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Cats Find Peace, if not Love

It’s been a while since I updated my readers on the developing reconciliation among my cats to their joint living arrangement. As you’ll recall, fourteen months ago now, my husband and I introduced a pair of kittens into a household containing an elderly feline who, although born feral, had spent most of her life in the company of other cats. We hoped for the best—a quick acceptance—and got … not the worst but definitely less than the ideal. So this season of warm and fuzzy feelings seems like the perfect moment for a retrospective.

This time last year, the kittens were out and about after two months of gradual introduction to the household, but the older cat was sequestered behind a mesh screen door where she could observe but not attack. She had food and water and her own litter box, as well as frequent visits from her humans—and we certainly didn’t blame her for her reluctance to adjust to the new situation—but for the safety of all concerned it seemed best to create a barrier while not teaching the kittens that they should spend the rest of their lives apart from the family.

Did it work? The answer is yes, mostly. The boys have reached their adult size, so they can defend themselves if threatened. More often, they give Mahal a wide berth. When they nonetheless encounter her, they have learned to run fast and make quick turns, knowing that her arthritic legs and somewhat dicey memory will work in their favor. They share food dishes and litter boxes, and they have settled on a division of territory. Mahal gets the couch and the people in the evenings; the boys take the back bedrooms and my husband’s study. The living and dining rooms are also mostly theirs, because they create a long, open space suitable for cat gymnastics like couch hurdling and speed racing. My study, the kitchen, and the laundry room are shared.

Three Siamese cats in various stages of relaxation in a carpeted room with a wooden balcony and a file cabinet topped by two piles of C. P. Lesley's novels.

All the cats interact with us, and the boys are still tightly bonded brothers, which means that they alternate play and squabbling but always make up. Each also has his own personality, and they no longer cling together as they did when they first arrived. They have clear preferences, too: Ruslan flops on his side when my husband brushes him and snuggles at his feet every night; Rafi likes to get under the covers, stretch out at my side, and purr in a steady rhythm that is both soothing and soporific. Mahal has her routines, too: she likes to get brushed after breakfast, to fall asleep to Beethoven’s Seventh in my study, to snuggle on a fuzzy blanket after dinner—and, I kid you not, to watch football. She hasn’t quite mastered the schedule: she will sit in front of the TV at noon on Tuesday and meow. But when a game is on, the sounds relax her to the point where she doesn’t even object to the other cats’ sharing her space. Well, so long as they stay off the couch. Let’s not go nuts here.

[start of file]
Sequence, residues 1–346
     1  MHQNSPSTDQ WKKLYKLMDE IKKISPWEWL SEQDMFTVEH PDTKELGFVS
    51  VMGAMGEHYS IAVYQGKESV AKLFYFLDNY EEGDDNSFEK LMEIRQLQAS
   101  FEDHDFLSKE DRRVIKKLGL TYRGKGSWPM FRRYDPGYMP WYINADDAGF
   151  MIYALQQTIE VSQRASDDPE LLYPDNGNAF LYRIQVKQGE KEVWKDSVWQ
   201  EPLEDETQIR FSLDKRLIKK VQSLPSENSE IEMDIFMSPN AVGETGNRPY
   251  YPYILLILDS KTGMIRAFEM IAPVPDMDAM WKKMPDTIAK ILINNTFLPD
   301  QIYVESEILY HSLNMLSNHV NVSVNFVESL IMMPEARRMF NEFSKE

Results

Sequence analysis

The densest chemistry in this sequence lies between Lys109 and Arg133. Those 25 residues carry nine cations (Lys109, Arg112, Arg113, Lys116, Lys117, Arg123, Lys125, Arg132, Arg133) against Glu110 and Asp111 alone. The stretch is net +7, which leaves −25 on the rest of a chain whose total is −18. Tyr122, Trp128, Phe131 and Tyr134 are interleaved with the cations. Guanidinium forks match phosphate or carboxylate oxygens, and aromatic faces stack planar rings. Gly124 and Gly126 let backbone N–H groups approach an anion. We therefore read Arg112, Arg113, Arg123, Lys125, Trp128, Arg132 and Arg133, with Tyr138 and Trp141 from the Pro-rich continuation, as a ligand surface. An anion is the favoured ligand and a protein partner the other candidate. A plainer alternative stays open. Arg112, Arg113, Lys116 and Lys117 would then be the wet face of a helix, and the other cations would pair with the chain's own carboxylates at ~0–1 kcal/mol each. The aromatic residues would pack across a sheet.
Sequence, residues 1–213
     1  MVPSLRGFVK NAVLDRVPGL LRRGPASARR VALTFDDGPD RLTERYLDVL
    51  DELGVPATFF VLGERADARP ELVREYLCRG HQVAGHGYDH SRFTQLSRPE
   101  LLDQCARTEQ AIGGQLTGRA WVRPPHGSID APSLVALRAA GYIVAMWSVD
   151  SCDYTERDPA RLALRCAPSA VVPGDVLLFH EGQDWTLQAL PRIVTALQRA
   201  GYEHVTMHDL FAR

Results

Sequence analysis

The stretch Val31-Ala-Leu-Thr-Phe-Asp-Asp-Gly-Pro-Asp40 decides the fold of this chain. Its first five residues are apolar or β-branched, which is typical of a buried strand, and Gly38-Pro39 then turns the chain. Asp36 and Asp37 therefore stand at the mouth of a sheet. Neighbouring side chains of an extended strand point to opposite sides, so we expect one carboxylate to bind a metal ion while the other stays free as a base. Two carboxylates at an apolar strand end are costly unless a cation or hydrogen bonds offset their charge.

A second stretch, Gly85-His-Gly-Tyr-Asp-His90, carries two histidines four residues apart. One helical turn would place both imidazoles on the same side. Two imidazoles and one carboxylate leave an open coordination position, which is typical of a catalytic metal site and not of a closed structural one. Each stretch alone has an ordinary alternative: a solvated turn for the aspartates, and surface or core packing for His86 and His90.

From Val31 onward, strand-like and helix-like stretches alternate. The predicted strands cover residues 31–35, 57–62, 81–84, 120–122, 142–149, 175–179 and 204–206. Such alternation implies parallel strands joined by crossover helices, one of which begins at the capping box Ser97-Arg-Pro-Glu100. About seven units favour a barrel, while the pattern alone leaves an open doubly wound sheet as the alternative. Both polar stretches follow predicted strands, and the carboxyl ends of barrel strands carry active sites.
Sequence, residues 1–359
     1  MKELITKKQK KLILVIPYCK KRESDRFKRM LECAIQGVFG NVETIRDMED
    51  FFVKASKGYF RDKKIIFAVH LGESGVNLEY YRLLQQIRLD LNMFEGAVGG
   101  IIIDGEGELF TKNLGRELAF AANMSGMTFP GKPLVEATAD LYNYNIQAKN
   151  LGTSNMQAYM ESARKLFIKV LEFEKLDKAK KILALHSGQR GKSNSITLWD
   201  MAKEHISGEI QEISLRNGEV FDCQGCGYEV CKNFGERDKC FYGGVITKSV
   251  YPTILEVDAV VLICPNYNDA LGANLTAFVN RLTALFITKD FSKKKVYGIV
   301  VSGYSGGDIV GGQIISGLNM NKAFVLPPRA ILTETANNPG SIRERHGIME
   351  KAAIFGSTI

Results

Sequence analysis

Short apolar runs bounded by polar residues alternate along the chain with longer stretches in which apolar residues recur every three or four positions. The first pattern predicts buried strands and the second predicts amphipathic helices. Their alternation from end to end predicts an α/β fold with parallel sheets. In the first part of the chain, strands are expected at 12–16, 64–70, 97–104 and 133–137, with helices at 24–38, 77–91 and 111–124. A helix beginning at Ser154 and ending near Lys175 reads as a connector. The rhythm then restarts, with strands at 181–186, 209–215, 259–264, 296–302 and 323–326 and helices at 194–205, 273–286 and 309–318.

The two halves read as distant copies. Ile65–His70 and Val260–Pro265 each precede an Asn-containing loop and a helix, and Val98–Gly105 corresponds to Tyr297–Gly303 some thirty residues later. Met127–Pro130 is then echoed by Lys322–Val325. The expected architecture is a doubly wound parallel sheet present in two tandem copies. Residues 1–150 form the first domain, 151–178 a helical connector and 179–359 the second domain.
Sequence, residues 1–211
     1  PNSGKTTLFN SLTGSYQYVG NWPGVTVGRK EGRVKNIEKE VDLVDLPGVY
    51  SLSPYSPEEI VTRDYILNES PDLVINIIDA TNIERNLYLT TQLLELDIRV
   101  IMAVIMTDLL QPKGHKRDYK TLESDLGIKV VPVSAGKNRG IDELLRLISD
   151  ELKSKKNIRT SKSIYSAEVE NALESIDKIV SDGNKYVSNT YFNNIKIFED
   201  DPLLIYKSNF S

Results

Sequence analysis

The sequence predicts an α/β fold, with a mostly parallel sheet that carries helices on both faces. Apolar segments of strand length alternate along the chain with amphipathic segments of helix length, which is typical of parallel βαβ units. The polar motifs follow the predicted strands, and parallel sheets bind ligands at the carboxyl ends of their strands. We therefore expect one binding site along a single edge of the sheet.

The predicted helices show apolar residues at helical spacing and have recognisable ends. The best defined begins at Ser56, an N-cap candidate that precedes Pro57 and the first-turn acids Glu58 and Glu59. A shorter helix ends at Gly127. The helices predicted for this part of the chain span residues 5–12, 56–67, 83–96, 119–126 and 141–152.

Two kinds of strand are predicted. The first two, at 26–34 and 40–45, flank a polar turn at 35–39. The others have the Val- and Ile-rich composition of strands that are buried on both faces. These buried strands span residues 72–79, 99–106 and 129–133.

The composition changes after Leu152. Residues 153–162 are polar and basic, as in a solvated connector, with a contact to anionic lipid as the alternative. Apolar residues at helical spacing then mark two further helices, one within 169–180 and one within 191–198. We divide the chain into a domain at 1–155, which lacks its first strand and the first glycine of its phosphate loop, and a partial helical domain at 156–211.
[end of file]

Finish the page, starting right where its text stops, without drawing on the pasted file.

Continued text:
An elderly seal-point Siamese cat on a fuzzy white blanket with a television screen showing a football game in the background.

That brings me to the last question (for now): would I make the same choices again? Absolutely. I’d adjust my expectations, of course. Asking a once-feral cat who was the equivalent of seventy-five to welcome two rambunctious youngsters was perhaps unrealistic—although the cat who welcomed her was not much younger and managed the transition just fine. But despite the near certainty that Mahal, even today, would probably vote for the boys’ removal, I can see that their arrival has been good for her. She has put on a little much-needed weight, her fur is shinier, she does less anxiety-fueled grooming, and she shows more interest in her surroundings—even if she mostly wants to ensure that no one will sneak up on her.

Meanwhile, the boys are a delight. And since I have reached an age when each decision to adopt requires serious attention to the question of whether I will be around to see the commitment through, to experience the maturation and the developing relationships once more with these two particular sweeties is something I cherish with every day that passes.

Two Siamese cats (one seal point, one blue point) snuggled together in a fuzzy cat bed.

And who knows? After all the progress the three of them have made in the last year, maybe it’s not too much to hope that they may all get to share the family-room couch one day.

All three cats sharing my study (Mahal is closest to the file cabinet, with Rafi in the middle and Ruslan to the left); Mahal watching last year’s Super Bowl; Rafi (right) and Ruslan squeezing themselves into their cozy cat bed. Photographs © 2023 C. P. Lesley.

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